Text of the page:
A statement may be the product of police overreaching even after a defendant has been advised of and validly waived his Miranda rights. See Dickerson, 530 U.S. at 444 (acknowledging that the administration of Miranda warnings does not dispense with the requirement that a statement be made voluntarily). However, "cases in which a defendant can make a colorable argument that a self-incriminating statement was 'compelled' despite the fact that the law enforcement authorities adhered to the dictates of Miranda are rare." Berkemer v. McCarty, 468 U.S. 420, 433 n. 20 (1984); Dickerson, 530 U.S. at 444 ("The requirement that Miranda warnings be given does not, of course, dispense with the voluntariness inquiry."). An express written statement of a waiver is strong proof as to the validity of a waiver, of course, but a waiver may also be made orally or implied from a defendant's conduct. North Carolina v. Butler, 441 U.S. 369, 373 (1979).

A statement is involuntary when the suspect's "will was overborne in such a way as to render his confession the product of coercion." Fulminante, 499 U.S. at 288. Where a defendant challenges the voluntariness of a statement under the Due Process Clause of the Fifth Amendment, "the prosecution must prove at least by a preponderance of the evidence that the confession was voluntary." Lego v. Twomey, 404 U.S. 477, 489 (1972); see also United States v. Jacobs, 431 F.3d 99, 108 (3d Cir. 2005).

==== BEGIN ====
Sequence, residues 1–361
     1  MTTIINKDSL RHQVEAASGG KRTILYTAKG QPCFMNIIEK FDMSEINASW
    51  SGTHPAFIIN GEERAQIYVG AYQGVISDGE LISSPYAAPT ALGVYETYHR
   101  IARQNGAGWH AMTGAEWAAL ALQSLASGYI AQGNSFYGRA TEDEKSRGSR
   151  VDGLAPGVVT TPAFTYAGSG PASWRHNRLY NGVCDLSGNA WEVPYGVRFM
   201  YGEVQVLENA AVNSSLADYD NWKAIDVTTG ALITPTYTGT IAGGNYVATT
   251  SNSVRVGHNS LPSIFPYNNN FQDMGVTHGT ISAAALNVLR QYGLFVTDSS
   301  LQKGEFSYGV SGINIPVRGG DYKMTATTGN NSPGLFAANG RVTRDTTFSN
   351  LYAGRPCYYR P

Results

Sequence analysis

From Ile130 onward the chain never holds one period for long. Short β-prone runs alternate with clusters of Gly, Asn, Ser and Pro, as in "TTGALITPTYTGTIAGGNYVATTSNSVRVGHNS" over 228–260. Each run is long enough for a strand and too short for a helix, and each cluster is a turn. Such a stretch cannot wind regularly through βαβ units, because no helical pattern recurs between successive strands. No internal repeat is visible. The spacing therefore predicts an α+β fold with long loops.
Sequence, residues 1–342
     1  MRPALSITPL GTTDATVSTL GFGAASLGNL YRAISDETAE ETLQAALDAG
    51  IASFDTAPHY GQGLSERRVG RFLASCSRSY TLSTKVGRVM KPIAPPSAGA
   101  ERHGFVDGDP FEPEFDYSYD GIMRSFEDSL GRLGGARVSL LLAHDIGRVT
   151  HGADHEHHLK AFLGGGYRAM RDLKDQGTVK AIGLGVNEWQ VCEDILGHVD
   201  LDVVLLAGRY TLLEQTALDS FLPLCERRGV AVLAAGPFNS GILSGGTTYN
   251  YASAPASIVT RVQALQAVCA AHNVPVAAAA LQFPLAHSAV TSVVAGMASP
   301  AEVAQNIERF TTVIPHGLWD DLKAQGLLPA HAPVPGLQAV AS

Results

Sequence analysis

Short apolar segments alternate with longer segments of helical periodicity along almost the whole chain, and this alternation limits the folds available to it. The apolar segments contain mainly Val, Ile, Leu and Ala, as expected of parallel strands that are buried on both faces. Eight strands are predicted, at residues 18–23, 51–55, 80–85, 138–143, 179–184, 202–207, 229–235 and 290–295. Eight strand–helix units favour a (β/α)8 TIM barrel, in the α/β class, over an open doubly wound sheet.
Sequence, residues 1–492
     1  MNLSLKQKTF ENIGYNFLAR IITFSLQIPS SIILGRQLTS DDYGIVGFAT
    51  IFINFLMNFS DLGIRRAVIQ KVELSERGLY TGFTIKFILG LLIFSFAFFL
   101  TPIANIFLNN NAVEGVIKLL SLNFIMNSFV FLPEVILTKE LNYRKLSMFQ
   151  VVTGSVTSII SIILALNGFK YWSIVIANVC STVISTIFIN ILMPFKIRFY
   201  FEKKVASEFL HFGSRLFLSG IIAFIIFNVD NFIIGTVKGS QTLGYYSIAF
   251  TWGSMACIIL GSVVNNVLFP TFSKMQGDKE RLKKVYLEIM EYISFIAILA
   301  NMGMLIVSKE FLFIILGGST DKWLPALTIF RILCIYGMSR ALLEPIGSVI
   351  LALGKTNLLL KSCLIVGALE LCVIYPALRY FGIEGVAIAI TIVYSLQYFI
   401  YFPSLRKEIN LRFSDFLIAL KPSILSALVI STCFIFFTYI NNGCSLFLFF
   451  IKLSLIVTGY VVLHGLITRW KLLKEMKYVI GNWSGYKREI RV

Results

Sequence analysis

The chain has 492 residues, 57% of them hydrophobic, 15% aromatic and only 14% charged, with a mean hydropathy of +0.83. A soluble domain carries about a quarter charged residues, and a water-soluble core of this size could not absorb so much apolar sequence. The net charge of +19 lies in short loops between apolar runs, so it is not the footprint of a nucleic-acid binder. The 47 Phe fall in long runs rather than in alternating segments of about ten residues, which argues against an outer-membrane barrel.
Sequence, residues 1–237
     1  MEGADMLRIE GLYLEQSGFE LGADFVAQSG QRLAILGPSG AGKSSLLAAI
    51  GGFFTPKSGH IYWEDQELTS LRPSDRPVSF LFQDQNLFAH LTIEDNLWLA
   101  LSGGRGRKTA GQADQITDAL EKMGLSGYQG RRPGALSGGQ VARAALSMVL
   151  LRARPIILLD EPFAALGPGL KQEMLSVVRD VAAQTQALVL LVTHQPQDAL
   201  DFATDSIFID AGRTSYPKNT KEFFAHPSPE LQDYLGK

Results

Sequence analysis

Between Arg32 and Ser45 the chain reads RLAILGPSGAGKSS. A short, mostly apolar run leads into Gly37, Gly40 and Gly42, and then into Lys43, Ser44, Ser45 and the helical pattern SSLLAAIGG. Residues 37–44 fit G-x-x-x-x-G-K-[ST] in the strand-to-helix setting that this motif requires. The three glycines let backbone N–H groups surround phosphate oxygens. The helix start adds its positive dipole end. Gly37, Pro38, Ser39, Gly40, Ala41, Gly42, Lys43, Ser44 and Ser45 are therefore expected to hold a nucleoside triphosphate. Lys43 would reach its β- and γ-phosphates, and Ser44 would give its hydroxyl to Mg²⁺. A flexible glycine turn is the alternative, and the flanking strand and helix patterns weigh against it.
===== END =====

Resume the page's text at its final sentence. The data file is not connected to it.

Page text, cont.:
1. No Custodial Interrogation Took Place

As noted above, before any custodial questioning, the suspect must be informed that "he has a right to remain silent, that any statement he does make may be used as evidence against him, and that he has a right to the presence of an attorney, either retained or appointed." Miranda, 384 U.S. at 445.

Here, defendant was in custody -- he was aboard the van being driven by law enforcement officers whose sole function was to arrest and transport him. However, all evidence supports a finding that defendant was not being interrogated at the time he made the "AK" and "guns all over the place" statements on May 13, 2009. Thus, because defendant was not undergoing a custodial interrogation process at the time he made these statements, whether he was given his Miranda warnings is of no moment as to the "AK" and "guns all over the place" statements.

2. Statements Defendant Made on May 13, 2009 were Voluntary

Based on the testimony of Deputy Berger, this Court finds that the statements uttered by defendant on May 13, 2009 were purely voluntary.

As Deputy Berger stated, he had little to no interaction with defendant until defendant was brought downstairs by other task force members and placed into Berger's vehicle for transport. Deputy Berger specifically stated he did not tell defendant why he was being arrested, he assumed he knew since he was a fugitive and it was his not role as a member of the Fugitive Task Force to give defendant his Miranda warnings or investigate any crimes.